Two people in North Carolina have been fired from their jobs because they wouldn't participate in daily prayers.

In a recent video Tweet, the owner of the business is seen telling employees that if they didn't want to participate in prayers, they could leave.

Reaction online is, as one would guess, mixed.

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Yes, a lawsuit had been filed.

According to the Washington Post, John McGaha and Mackenzie Saunders claim that they were fired because they would not participate in "daily company prayer sessions".

The lawsuit was filed on behalf of the two employees by the Equal Employment Opportunity Commission, accusing the employer of creating a hostile work environment by not accommodating the religious beliefs of the fired employees.

“If you do not participate, that is okay, you don’t have to work here. You are getting paid to be here.” via WaPo

What are the religious beliefs of the fired employees? At least one, according to WaPo, is an atheist. John McGaha asked the boss if he could skip the prayer meetings since he is an atheist. The reply McGaha received wasn't what he wanted to hear: “If you do not participate, that is okay, you don’t have to work here. You are getting paid to be here.”

Shortly after that conversation, McGaha claims he received an email stating that his weekly pay was being reduced by 50%.

Not long after that, according to the Washington Post, McGaha was fired.

In the WaPo article, McGaha claims that, at first, the prayer meetings lasted around 20 minutes. As time went on, those prayer meetings began to last longer, as long as 45 minutes.

So, who is in the right here? Many on social media believe that, since it's a privately-owned company, the business owner can fire whomever he wants.

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One Twitter user compares this situation to that of someone employed at a church facility.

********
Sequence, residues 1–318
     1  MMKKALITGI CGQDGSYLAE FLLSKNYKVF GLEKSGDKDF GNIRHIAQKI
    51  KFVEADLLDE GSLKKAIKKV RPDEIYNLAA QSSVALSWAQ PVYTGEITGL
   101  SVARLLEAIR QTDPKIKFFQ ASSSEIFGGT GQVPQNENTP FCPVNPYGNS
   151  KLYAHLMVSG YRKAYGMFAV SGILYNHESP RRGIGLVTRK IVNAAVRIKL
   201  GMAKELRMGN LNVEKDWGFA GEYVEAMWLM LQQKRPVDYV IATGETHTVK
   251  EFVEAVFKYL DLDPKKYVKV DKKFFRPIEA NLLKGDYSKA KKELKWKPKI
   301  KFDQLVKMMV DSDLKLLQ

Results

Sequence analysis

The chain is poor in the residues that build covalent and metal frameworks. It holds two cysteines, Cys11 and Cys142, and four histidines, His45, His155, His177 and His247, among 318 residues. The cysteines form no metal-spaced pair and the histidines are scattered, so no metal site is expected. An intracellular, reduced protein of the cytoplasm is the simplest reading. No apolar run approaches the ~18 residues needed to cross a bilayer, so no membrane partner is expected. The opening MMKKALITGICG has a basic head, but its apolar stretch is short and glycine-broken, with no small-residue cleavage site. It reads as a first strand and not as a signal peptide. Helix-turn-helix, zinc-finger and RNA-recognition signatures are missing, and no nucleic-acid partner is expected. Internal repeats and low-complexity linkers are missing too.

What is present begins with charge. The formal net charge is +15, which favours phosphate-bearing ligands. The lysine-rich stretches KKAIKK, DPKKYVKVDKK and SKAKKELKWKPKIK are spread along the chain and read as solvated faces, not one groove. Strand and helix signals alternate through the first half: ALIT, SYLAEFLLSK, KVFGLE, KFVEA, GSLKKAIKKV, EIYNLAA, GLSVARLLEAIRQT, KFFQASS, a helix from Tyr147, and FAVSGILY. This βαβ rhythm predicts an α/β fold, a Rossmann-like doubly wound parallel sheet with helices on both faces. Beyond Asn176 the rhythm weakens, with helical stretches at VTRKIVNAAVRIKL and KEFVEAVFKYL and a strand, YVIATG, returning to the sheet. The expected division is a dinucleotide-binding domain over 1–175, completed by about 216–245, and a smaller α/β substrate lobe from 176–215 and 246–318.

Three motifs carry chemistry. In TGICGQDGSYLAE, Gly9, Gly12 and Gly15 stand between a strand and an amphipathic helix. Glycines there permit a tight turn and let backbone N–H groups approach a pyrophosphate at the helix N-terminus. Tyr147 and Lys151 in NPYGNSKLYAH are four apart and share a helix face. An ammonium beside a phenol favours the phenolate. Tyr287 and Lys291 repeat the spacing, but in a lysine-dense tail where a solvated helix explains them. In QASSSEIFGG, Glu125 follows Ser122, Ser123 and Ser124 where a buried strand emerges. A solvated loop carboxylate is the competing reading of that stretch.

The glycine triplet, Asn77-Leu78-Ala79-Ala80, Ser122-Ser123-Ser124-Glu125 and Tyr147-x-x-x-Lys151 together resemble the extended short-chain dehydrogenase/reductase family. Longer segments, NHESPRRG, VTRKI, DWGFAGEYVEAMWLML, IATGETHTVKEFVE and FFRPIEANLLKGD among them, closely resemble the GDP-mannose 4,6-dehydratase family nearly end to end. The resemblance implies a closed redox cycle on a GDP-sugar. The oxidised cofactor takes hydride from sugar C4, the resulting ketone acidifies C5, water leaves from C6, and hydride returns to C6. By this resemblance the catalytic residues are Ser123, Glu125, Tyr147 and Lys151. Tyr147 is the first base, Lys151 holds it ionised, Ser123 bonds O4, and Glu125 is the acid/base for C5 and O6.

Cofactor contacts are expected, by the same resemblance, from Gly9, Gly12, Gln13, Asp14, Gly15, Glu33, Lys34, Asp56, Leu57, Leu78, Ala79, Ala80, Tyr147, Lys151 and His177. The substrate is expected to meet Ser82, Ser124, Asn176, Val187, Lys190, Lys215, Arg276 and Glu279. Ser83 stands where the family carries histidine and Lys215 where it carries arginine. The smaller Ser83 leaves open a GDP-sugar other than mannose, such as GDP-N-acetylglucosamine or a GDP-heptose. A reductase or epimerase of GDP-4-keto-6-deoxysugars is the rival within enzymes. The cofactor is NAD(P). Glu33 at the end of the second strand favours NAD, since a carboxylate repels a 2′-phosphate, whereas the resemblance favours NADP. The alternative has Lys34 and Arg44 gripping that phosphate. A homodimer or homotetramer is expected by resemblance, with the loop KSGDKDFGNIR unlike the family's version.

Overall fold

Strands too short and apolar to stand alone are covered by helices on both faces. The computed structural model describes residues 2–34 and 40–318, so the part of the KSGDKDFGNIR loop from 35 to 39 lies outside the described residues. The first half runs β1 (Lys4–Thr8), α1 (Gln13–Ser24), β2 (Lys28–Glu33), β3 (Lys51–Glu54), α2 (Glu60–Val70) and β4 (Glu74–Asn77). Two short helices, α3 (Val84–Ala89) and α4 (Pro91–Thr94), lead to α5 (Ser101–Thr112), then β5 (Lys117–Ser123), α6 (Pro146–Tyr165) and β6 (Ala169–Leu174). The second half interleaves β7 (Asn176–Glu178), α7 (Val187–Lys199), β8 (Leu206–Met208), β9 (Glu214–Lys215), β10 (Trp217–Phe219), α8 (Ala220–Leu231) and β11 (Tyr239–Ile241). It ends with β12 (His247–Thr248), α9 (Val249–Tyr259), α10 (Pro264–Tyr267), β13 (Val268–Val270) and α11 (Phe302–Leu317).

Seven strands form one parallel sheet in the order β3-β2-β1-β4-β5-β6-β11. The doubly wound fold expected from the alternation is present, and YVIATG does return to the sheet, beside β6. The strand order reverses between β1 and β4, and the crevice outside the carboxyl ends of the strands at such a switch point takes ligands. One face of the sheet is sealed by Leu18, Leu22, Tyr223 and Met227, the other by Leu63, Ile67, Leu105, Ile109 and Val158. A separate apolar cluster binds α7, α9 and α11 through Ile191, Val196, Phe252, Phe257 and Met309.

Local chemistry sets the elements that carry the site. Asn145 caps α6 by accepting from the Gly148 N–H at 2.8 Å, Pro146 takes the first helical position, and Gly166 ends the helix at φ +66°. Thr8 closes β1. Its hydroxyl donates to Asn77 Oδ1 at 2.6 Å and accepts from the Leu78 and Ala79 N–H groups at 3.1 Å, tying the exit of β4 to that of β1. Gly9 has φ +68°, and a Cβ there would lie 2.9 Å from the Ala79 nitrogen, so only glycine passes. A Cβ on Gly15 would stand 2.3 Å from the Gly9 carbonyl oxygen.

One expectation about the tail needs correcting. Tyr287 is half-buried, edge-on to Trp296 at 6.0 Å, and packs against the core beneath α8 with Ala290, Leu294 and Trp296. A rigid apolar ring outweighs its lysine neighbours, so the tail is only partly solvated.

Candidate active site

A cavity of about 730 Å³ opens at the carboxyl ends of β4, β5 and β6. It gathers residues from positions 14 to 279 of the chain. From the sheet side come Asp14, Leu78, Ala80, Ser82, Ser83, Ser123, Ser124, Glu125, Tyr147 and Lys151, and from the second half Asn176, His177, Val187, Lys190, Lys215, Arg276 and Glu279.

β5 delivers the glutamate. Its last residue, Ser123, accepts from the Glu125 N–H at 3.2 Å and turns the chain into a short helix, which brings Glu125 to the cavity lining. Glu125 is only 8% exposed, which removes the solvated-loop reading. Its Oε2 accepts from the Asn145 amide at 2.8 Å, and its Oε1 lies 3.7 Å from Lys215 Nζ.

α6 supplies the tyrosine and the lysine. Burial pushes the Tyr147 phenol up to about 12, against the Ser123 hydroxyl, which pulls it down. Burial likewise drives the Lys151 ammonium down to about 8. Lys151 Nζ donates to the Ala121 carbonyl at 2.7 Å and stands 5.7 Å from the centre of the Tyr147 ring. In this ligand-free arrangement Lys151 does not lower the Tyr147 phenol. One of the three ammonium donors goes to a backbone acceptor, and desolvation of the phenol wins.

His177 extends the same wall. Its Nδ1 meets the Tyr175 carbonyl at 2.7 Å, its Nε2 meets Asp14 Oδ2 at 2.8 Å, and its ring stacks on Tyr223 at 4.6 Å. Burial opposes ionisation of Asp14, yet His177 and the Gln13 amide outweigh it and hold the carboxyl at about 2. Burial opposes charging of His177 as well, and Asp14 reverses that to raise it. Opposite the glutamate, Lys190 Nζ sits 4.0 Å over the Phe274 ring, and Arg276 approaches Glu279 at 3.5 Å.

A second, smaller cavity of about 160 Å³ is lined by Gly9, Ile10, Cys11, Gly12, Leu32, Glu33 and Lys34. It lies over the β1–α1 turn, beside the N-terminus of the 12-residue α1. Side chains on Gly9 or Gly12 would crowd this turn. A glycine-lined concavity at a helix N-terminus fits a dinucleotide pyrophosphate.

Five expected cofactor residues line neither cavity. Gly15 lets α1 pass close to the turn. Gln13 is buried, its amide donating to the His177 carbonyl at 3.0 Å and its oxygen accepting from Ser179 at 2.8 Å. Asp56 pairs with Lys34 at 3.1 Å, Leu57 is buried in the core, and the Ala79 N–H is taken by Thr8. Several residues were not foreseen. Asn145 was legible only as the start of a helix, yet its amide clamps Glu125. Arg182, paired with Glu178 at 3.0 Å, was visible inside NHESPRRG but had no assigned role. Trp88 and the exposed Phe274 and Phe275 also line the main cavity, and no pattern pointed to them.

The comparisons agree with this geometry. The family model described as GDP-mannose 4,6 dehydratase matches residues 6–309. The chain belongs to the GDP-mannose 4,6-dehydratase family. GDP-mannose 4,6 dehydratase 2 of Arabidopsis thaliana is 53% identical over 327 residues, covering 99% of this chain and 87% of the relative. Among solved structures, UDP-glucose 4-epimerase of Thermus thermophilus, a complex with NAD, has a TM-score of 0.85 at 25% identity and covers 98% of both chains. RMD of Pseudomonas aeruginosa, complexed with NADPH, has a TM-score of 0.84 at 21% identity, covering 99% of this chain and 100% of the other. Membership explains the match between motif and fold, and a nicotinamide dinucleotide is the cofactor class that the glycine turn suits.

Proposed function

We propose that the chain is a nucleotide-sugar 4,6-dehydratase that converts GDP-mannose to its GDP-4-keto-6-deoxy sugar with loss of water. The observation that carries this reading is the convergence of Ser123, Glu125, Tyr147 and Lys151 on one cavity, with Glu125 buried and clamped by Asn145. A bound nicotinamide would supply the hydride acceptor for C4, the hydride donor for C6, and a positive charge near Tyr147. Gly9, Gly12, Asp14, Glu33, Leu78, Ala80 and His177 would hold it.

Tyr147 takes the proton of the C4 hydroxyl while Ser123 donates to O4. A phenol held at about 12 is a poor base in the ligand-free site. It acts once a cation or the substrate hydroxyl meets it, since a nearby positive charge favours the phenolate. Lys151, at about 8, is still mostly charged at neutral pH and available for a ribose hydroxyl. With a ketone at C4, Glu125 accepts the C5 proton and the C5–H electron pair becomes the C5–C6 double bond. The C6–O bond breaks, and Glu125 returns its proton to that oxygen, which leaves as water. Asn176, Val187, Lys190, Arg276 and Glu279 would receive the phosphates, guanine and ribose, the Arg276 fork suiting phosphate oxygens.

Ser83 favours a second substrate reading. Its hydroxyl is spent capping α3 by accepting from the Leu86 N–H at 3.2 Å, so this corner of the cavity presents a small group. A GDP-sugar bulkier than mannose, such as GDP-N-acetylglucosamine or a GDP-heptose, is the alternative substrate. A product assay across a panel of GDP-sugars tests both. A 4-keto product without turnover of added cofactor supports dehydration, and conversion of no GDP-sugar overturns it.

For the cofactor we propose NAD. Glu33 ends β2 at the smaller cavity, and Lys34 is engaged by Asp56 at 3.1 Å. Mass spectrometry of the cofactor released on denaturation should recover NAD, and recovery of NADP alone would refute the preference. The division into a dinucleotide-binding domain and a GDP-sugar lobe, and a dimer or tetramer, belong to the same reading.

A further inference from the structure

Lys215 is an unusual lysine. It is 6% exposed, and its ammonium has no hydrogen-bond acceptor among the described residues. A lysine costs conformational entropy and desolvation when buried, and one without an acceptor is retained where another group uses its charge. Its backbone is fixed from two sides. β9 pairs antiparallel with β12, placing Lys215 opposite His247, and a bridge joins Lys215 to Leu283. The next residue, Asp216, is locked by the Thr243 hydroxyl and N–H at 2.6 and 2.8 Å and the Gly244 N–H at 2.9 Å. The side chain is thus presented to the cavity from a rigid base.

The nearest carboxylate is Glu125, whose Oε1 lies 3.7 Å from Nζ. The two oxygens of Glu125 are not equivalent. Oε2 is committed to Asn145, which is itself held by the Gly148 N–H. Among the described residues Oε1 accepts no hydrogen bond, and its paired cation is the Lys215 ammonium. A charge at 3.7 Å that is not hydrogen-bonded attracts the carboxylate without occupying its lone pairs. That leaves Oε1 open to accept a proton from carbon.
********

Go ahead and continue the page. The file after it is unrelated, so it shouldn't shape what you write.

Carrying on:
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The term "private business" gets brought up a lot.

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Some are even predicting that the courts would be on the side of the business owner, stating that private companies can do what they want.

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Do we know which "law" prevents employers from discriminating based on religious beliefs?

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Actually, we do. It's Title VII of the 1964 Civil Rights Act.

According to the Equal Employment Opportunities Commission:

Title VII of the Civil Rights Act of 1964 prohibits employers from discriminating against individuals because of their religion (or lack of religious belief) in hiring, firing, or any other terms and conditions of employment. - EEOC

There it is, in black and white: no religious discrimination allowed.

Even other Christians find the boss's demands to be too much.

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And, of course, some compare the business owner's actions to those of the Taliban.

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Just for the record: the business owner claims to be a Christian in his LinkedIn profile.

According to the owner's  "About" section on LinkedIn, the purpose of his company is, in part:

To Plant God's Seed through the Daily Reading of the Holy Gospel to every team member that is open to listening. via LinkedIn

If you notice, he says "...to every team member that is open to listening", but he doesn't say what happens to any team member who isn't open to listening.

Many of the people commenting on the story are playing armchair lawyer and, since I am not a lawyer, I have no idea if they are correct in their statements.

So if the handbook says you must pray, must you?

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Some people were very bothered by the story, and it's easy to understand why.

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Chilling words, indeed. What happened to religious liberty? It's the business owner's right to say prayers, but is it his right to demand it of his employees?

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And any mention of forced religion usually brings up a reference to the Taliban.

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Here's another one that believes that, unless the employee agreed to attend the prayer services, the business owner is in hot water.

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What are your thoughts on the subject?  Would your thoughts be the same if the business owner were to force employees to read from the Qu'ran (Koran) or any religious text other than the Christian Bible?

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